Children and young people

The issue

The Domestic Abuse Act 2021 recognised children as victims of domestic abuse in their own right for the first time. This was a crucial step forward, but still, the Commissioner’s mapping research found just 29 per cent of victims and survivors reported that they were able to access the specialist support they wanted for their children.

The vision

All children and young people who are subject to domestic abuse should receive an integrated and comprehensive response, rooted in understanding, prevention, effective intervention and long-term support.

The Commissioner’s work

The Domestic Abuse Commissioner is working to champion the voice of child victims of domestic abuse, better understand how children subject to domestic abuse should be supported and protected, and ensure all agencies are working together to protect child victims.

The Commissioner meets regularly with the Children’s Commissioner, the Department for Education, and other key stakeholders to drive forward changes so that children and young people subject to domestic abuse get the support and protection they need. We also work regularly with domestic abuse services at a national and local level, victims and survivors, academics and other experts to ensure their evidence closely informs our work to recommend and drive forward change. The policy and research team regularly respond to government consultations, and provide up to date evidence and advice to national and local government on the improvements needed in this area.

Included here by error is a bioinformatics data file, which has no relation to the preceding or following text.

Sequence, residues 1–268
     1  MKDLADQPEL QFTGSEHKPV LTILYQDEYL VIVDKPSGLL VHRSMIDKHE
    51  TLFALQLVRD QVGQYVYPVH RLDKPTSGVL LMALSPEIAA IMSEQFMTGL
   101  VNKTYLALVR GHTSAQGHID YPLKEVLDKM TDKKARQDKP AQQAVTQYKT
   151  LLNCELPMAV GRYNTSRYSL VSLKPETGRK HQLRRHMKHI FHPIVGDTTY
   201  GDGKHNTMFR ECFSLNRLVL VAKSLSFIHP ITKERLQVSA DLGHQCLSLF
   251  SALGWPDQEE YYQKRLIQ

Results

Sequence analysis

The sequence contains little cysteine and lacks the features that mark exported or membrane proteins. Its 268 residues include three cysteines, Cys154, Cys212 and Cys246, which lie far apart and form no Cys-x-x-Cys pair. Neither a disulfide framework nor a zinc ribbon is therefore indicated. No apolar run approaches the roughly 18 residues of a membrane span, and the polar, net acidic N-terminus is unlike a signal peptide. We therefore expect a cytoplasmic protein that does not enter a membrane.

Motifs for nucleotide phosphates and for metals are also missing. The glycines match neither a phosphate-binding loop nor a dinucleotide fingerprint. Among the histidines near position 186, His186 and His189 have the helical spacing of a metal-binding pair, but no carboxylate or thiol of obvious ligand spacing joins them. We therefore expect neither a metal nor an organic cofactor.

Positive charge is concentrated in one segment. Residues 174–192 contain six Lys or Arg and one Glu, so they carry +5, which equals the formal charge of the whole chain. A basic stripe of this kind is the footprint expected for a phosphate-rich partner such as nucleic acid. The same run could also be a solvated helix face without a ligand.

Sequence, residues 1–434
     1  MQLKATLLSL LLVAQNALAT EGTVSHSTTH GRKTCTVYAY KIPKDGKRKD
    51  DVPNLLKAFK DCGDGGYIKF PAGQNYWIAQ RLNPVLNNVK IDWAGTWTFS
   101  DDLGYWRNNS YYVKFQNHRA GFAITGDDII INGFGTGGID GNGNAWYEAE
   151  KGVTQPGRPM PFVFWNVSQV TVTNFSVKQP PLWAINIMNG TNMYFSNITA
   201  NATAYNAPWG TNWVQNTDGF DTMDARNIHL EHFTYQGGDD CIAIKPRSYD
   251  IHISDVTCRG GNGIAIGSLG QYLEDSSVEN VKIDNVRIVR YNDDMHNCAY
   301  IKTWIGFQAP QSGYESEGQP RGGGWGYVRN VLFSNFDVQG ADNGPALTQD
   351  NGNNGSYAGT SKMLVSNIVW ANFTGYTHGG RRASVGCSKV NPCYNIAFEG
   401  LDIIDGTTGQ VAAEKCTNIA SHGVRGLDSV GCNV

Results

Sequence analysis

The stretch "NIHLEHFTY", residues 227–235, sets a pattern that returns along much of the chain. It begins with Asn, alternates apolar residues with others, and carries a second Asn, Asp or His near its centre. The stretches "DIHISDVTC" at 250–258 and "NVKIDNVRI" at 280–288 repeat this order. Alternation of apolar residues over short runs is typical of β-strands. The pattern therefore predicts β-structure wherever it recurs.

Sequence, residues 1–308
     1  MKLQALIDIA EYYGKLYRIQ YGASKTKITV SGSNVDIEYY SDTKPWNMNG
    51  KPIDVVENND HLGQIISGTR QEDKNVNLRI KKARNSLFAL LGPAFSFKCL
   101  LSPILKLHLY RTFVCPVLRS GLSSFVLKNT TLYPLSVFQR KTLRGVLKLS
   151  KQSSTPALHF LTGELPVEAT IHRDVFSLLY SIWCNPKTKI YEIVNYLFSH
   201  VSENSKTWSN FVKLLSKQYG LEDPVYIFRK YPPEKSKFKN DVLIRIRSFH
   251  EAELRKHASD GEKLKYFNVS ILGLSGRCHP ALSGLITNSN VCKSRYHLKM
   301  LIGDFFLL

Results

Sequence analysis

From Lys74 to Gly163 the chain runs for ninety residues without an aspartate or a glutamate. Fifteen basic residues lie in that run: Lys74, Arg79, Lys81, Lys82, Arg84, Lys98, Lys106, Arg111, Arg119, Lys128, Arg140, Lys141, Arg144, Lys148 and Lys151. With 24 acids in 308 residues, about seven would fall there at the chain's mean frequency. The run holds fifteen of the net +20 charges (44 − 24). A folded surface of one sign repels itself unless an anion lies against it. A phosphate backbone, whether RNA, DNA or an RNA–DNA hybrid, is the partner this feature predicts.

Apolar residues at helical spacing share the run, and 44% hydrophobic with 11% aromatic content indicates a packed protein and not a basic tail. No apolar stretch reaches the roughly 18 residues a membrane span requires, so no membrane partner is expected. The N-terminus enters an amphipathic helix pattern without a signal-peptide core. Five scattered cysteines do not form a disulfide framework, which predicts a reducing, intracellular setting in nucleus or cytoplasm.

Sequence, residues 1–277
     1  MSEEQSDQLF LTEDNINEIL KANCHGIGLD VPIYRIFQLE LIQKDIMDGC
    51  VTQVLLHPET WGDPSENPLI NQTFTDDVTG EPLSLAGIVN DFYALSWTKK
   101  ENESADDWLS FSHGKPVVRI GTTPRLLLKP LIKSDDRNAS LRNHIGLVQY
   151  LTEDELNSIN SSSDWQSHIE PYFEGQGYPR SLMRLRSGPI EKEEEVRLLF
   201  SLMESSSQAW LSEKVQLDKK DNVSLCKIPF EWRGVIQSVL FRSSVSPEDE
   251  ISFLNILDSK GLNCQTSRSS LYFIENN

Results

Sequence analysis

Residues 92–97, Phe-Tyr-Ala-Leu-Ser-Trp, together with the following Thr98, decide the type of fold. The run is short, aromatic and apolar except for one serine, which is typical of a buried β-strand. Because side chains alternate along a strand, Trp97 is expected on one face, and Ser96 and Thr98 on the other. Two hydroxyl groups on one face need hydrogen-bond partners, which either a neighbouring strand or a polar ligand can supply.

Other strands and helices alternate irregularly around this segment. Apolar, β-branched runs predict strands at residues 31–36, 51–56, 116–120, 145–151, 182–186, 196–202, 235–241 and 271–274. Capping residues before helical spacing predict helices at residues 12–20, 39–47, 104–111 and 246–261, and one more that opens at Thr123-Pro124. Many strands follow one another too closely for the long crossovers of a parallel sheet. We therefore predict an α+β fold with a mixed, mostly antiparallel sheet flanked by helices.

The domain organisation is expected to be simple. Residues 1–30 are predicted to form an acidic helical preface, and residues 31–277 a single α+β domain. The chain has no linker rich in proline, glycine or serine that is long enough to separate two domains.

The Commissioner’s policy and research team are gathering vital evidence and insight which will be included in a policy report published later this year. This includes mapping the provision of support services specifically designed for children, to identify gaps and highlight good practice. The Commissioner’s team is also working to ensure the Government – both locally and nationally – truly understands the impact of domestic abuse on children, and commits to ambitious work to support children and improve how services respond to them. This will include how they are supported in school, by youth services, and through children’s social care. In particular, the Commissioner is working to ensure there is clear guidance for local agencies – like the police, GPs, and schools – on what the new statutory definition of children as victims of domestic abuse means in practice.

If you are a victim or survivor of domestic abuse who has written to the Domestic Abuse Commissioner to share your perspective on the issues facing you or your children, your email will be read by the Commissioner’s team and used anonymously as a key part of this work to drive policy and practice change for children and young people.

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